It is important to speak with a doctor before beginning this diet because a doctor can help to guide the patient regarding supplementation for nutrition when foods containing certain nutrients have been eliminated from the regular diet.

PROS

The Multiple Food Elimination Diet can be very helpful in determining foods that may be causing allergies or chronic health problems.

CONS

The Multiple Food Elimination Diet by Doris Rapp is very restrictive and can be difficult to follow. However if food allergies are a problem then you may find it worth the effort.

{ 10 comments… read them below or add one }

stephanie February 8, 2012 at 11:22 pm

I know people who have banned dairy from their diets and they totally lost weight. I personally love cheese to much but I see how this could really work.

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Kelly Besset March 7, 2012 at 10:04 pm

I eliminated all cultured dairy from my diet i.e. all cheese, yogurt, sour cream. I can still have a bit of skim milk and butter, just nothing with bacteria culture in it. My skin has never been better and also my body just “feels” so much better. I have more energy, and I rarely feel puffy or bloated. I have also lost 25lbs by cutting this out of my diet. It’s been 3 years and I have able to keep the weight off, even tho I do indulge in chocolate from time to time.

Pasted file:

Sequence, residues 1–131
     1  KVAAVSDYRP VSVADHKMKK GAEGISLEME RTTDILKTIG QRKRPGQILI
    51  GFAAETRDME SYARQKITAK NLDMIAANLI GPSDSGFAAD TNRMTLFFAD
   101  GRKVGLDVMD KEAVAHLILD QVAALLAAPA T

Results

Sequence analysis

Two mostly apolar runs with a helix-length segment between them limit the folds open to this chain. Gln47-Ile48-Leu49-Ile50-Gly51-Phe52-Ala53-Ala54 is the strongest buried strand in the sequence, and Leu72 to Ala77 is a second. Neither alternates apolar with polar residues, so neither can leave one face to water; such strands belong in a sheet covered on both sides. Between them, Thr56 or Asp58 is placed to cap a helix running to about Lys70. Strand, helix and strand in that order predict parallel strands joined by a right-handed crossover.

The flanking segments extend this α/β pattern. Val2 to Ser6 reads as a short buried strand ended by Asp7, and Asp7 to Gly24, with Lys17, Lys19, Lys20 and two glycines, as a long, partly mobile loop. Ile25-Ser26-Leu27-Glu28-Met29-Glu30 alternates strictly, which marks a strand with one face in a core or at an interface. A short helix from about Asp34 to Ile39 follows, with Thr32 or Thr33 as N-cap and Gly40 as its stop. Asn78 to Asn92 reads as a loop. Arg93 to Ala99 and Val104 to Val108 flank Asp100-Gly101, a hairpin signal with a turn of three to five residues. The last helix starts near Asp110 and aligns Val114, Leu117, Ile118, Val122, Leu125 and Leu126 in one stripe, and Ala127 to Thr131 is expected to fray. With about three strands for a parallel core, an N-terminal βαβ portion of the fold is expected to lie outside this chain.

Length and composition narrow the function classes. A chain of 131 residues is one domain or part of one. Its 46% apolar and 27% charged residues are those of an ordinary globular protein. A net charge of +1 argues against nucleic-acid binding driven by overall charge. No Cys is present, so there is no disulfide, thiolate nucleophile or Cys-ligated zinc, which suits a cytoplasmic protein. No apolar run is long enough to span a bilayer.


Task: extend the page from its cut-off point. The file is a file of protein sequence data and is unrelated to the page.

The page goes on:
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lamb March 9, 2012 at 5:10 pm

You probably have an aversion to the bacteria in those foods. A lot of people do better without dairy in their diets, I just think certain blood types do better then others with certain foods.

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Tiffany March 16, 2012 at 10:39 pm

I used this kind of a diet to find out what was causing me to have serious mood issues (that were leading me to overeat) and it turns out that artificial flavorings and colorings were leading me to have mood swings that were causing me stress that were making me prone to emotional eating. By cutting those ingredients, i don’t eat emotionally anymore and I am losing the weight again.

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pearl April 4, 2012 at 4:57 pm